According to economists, the current low-interest-rate environment is primarily intended to bolster business activity by making it easier for companies to invest in growth-producing projects. That's been hard on savers, but increasingly, one factor has made major corporations want interest rates to rise as well: the growing problem of pension liability.
What low rates have done to pensions
For years, companies have been doing everything they can to minimize or eliminate their pension liabilities. Just last year, for instance, General Motors and Verizon took major steps toward outsourcing their liabilities to an insurance company, Prudential, in order to get rid of the risk of long-lived pensioners beating the actuarial odds and draining corporate coffers to a greater extent than expected. Dozens of major companies have shuttered pension plans, forcing new employees to make do with 401(k) defined-contribution plans and the profit-sharing and matching contributions that employers have in many cases made on their behalf.
Yet low interest rates have caused problems for legacy pension plans and their funding status. As an article in The Wall Street Journal Monday noted, many companies with big pension plans will have to make substantial contributions this year in order to boost their funding levels. Ford will divert $5 billion in profits to go toward its pension funds, sapping its ability to make capital expenditures to grow its business. Similarly, Dow Chemical said that lower rates added $2.2 billion to its pension liabilities, forcing it to add an extra $250 million to $300 million in pension expenses this year to start on making up the difference.
Why do rates matter so much?
It may seem surprising that low interest rates have such a huge effect on pensions. But the simple explanation is that, as with ordinary people investing for a long-term financial goal, assumptions on what interest rates and rates of return will prevail over the decades can make huge differences to how much money you have to save in order to achieve the best results.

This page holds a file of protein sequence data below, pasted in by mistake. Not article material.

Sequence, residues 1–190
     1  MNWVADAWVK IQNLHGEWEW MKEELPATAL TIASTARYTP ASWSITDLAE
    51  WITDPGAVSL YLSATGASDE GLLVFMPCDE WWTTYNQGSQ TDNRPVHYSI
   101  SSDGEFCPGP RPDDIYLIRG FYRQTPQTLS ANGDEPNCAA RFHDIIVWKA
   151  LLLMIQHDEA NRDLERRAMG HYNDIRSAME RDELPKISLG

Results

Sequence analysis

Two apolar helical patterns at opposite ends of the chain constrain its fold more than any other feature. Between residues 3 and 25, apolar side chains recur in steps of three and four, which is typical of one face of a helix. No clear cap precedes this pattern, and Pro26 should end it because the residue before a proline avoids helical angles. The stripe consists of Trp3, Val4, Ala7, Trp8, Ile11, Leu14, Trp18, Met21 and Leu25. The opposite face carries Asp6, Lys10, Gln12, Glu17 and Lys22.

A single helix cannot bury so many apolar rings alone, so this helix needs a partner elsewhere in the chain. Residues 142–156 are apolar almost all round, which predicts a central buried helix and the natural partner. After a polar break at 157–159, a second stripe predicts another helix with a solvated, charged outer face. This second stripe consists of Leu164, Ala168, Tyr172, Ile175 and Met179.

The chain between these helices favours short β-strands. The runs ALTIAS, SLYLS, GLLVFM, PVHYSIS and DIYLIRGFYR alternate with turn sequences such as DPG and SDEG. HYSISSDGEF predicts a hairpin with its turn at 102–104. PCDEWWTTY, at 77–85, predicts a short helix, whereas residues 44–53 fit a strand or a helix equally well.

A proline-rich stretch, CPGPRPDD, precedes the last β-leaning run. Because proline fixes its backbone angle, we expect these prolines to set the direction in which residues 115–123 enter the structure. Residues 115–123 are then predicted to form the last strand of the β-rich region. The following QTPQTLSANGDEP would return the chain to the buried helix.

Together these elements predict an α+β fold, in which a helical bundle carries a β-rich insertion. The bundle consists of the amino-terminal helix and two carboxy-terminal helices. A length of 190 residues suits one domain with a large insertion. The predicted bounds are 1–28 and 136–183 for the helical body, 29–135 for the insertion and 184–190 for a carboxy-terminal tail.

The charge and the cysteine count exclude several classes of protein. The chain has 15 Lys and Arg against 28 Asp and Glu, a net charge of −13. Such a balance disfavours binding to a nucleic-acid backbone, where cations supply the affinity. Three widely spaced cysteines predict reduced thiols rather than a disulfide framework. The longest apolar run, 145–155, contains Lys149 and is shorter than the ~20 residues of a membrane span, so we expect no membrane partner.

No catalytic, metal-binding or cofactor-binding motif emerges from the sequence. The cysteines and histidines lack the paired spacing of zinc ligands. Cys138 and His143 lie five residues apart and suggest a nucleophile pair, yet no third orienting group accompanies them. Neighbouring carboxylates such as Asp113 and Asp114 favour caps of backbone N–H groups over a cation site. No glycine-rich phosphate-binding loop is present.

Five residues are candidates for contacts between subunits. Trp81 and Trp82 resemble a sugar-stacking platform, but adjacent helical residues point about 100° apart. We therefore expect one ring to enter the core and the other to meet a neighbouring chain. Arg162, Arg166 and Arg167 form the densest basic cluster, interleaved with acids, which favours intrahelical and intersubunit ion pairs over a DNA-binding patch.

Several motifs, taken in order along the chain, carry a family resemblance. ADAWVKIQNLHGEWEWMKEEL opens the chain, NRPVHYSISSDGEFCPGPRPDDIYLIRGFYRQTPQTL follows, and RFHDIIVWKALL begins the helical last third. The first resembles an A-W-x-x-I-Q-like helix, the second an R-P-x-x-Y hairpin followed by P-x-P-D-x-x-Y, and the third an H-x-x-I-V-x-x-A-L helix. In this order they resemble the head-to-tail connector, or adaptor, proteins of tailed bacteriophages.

For pension funds, rate assumptions have to stretch far into the future -- half a century or more for those companies that still let new employees participate. For brand-new workers, the time horizon is the longest, but the benefits are also the smallest. As workers stay longer in their careers and earn more benefits, what an employer needs to set aside gets a lot bigger -- and it becomes much more sensitive to rate risk.
Falling rates have boosted the amount that employers have to set aside now in order to cover those expenses far in the future. But conversely, if interest rates were to rise, then the discounted value of future pension obligations could fall substantially. That would leave companies looking far healthier in terms of pension funding without spending a single penny toward extra benefits.
Lost in the shuffle?
As massive as pension-related charges can be, they often go unnoticed by investors. That's because typically, you'll see pension expenses lumped into the "one-time charge" category that doesn't get included in most analysts' expectations.
Even as such charges become more common, companies are doing their best to draw attention away from them. Boeing , for instance, reports a core earnings figure that doesn't include provisions related to pension expenses, which helps investors focus less on pension volatility and more on core operations.
Ready for higher rates
For the most part, corporations have done a fine job of taking advantage of low interest rates. They've refinanced much of their higher-rate debt and built up cash reserves they can use for future lean times. Having learned the lessons of the liquidity crisis during the 2008 financial meltdown, companies treasure cash, and they're willing to borrow at attractive rates to get it.
With the capital they need already at hand, many companies have already gotten all the financing benefits available from low rates. As a result, they'll applaud higher rates when they come -- if it can help them avoid massive pension payments that will hurt their short-term earnings. For the millions of workers and retirees who rely on those pensions, that could be the answer that ensures the stability of pension funds throughout their lifetimes.
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The article Why Corporate America Is Rooting for Higher Rates originally appeared on Fool.com.
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